“You can leverage a bit,” he replies, “whether with our own OPKO, or depending on the biopharma company we’re engaging. You come to an understanding as to the capability and responsibilities of each organization
“But when you’re exporting to some 50 markets, you have no choice but to have the capability of taking projects all the way through. Your quality management professionals and system need to be best in class. If you are dealing with the PMDA in Japan, FDA, or European agencies … the standard doesn’t ever drop. In fact, it’s always getting higher, and there’s always new requirements coming in.
“So our compliance record has been a big part of what we do. When we look at the values of the organization, or what we regard as our critical success factors, yes, I’ve got to develop and commercially supply products in the market. But they’ve got to be fully compliant, this has to be a safe place to work, and we’ve got to develop our people. Those critical success factors are on every wall around here, and there’s a series of values associated with those.”
Planned Project Management
How does this three-pronged organization get managed, from senior-executive level decisions to specific project management? For example, isn’t Carney as CEO pulled in different directions regarding which projects to move forward? How do project managers allocate equipment and facilities, or understand which personnel do devote where, and what timelines can be committed to?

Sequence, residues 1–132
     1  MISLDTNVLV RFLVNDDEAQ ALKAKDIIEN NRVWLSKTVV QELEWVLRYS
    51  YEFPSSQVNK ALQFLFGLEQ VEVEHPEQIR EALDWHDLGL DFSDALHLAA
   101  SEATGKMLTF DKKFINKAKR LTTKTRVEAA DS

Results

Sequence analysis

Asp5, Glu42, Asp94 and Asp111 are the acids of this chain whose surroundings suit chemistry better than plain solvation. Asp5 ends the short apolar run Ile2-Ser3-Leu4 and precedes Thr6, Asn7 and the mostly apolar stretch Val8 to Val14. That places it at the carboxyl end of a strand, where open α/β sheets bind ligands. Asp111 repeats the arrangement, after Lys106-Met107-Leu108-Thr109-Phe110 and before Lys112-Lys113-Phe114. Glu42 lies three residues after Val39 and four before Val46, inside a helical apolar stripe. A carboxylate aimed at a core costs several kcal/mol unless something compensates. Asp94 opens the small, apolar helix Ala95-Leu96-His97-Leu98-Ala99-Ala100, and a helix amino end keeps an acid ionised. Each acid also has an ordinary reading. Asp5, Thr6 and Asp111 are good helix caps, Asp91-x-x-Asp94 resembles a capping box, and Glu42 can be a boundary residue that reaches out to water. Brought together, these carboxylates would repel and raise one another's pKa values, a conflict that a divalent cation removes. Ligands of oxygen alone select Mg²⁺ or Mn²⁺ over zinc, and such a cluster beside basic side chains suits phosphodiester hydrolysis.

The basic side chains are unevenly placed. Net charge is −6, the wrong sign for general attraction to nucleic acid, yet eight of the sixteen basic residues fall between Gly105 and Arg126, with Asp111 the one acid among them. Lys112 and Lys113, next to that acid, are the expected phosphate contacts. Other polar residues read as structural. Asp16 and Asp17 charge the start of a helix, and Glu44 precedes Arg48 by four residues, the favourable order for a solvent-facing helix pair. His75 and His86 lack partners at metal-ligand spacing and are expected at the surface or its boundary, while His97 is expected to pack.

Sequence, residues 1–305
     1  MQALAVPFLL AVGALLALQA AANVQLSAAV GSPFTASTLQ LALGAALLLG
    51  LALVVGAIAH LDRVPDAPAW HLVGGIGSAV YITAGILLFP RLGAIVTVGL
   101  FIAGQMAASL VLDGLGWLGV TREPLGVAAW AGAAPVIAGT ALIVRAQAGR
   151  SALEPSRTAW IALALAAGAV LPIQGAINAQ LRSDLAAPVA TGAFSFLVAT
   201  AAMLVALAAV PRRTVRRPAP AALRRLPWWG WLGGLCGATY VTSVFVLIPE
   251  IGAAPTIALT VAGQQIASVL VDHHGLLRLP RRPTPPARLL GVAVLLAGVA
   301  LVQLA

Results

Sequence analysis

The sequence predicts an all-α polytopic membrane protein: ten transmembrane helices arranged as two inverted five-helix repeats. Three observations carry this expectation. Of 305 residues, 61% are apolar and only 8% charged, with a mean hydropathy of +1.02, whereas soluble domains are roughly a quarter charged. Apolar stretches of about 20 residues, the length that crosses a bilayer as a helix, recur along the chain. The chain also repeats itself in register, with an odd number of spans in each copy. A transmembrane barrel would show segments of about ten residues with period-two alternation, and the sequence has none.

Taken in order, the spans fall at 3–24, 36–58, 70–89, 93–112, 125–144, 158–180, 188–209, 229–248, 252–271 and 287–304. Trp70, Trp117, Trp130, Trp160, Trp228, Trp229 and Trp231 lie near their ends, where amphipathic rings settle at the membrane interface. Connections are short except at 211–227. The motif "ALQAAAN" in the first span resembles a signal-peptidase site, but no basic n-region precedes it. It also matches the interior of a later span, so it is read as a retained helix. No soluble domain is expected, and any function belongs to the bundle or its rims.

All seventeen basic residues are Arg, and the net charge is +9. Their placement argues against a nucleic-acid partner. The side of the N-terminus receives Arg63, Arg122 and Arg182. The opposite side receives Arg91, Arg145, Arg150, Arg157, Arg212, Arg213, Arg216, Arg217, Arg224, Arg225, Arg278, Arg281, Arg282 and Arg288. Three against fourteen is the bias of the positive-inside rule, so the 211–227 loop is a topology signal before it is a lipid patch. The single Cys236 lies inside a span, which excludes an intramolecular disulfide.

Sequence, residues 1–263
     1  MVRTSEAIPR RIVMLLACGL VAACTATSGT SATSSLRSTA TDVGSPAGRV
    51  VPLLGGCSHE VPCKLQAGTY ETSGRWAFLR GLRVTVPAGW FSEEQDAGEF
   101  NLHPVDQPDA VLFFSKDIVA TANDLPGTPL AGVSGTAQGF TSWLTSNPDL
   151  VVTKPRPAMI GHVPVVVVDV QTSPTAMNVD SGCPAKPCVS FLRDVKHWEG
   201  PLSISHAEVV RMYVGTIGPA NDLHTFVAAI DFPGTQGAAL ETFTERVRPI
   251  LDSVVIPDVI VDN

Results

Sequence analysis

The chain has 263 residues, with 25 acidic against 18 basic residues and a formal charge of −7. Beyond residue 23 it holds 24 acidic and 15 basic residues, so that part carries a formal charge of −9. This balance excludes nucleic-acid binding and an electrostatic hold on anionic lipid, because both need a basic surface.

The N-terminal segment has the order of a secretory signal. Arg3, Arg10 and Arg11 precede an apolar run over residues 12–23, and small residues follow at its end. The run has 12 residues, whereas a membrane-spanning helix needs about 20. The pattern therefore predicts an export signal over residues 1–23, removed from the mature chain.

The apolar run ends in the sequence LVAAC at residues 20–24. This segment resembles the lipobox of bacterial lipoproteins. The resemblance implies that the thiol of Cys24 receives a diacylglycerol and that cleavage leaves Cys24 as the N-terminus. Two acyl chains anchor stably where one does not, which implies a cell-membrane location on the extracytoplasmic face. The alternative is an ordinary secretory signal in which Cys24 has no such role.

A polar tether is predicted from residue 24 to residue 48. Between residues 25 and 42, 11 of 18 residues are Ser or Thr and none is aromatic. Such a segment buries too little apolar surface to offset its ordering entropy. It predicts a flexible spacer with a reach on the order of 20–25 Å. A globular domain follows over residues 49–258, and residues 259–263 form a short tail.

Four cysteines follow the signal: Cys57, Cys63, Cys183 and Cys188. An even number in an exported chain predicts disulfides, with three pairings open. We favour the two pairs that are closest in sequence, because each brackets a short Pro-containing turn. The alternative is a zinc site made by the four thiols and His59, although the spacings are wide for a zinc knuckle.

Carney’s answer takes me by surprise. He says only in the last year has EirGen implemented a more formal project management organization (PMO).
“We did have a less formal organization,” he replies, “but we’ve become more focused on this now we are up to 200 people, and we’ve made the decision to operate as a single management unit, on a single campus with two sites.” Previously, EirGen’s entire management team was involved in running projects, “with sleeves rolled up.” That’s no longer sustainable, also because of “the diversity of projects today.”
Carney says the new approach runs through a consolidated office of project management, which utilizes designated program managers, and certain methodologies as to how to roll out projects, manage them on a day-to-day basis, “and get more engagement cross-functionally throughout the businesses, and up and down.”
EirGen is also on a “lean journey that manifests in terms of tiered accountability.”
“Again, it’s putting formality around this high-energy organization, trying to channel the precious resources we have, and manage the capacity. It has always been a complex organization, a challenging one to run. But having these structures and processes in place now means that, as a leadership team, we can get our arms around it and manage properly.”
“We’re on a constant journey. You’re never happy with where you are. You always want to make it better than what it was, and this is the next phase of growth for the organization.”
All according to plan, of course.
We’ll discuss generics pricing and customer-relationship building in our next installment with EirGen Pharma’s CEO, Patsy Carney.